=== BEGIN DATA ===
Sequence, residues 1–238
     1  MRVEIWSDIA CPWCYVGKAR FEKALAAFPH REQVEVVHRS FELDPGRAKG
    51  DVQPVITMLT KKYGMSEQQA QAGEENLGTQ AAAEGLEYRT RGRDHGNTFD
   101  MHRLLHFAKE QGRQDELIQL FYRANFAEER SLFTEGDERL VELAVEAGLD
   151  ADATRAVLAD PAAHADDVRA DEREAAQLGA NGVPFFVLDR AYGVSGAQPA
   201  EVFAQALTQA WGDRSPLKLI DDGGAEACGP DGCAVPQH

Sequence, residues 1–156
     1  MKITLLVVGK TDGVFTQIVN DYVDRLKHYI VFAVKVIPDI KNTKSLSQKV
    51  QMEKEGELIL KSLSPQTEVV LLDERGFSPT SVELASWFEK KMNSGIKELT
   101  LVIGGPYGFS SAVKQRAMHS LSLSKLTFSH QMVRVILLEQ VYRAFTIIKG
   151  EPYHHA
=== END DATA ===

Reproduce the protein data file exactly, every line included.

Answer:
Sequence, residues 1–238
     1  MRVEIWSDIA CPWCYVGKAR FEKALAAFPH REQVEVVHRS FELDPGRAKG
    51  DVQPVITMLT KKYGMSEQQA QAGEENLGTQ AAAEGLEYRT RGRDHGNTFD
   101  MHRLLHFAKE QGRQDELIQL FYRANFAEER SLFTEGDERL VELAVEAGLD
   151  ADATRAVLAD PAAHADDVRA DEREAAQLGA NGVPFFVLDR AYGVSGAQPA
   201  EVFAQALTQA WGDRSPLKLI DDGGAEACGP DGCAVPQH

Sequence, residues 1–156
     1  MKITLLVVGK TDGVFTQIVN DYVDRLKHYI VFAVKVIPDI KNTKSLSQKV
    51  QMEKEGELIL KSLSPQTEVV LLDERGFSPT SVELASWFEK KMNSGIKELT
   101  LVIGGPYGFS SAVKQRAMHS LSLSKLTFSH QMVRVILLEQ VYRAFTIIKG
   151  EPYHHA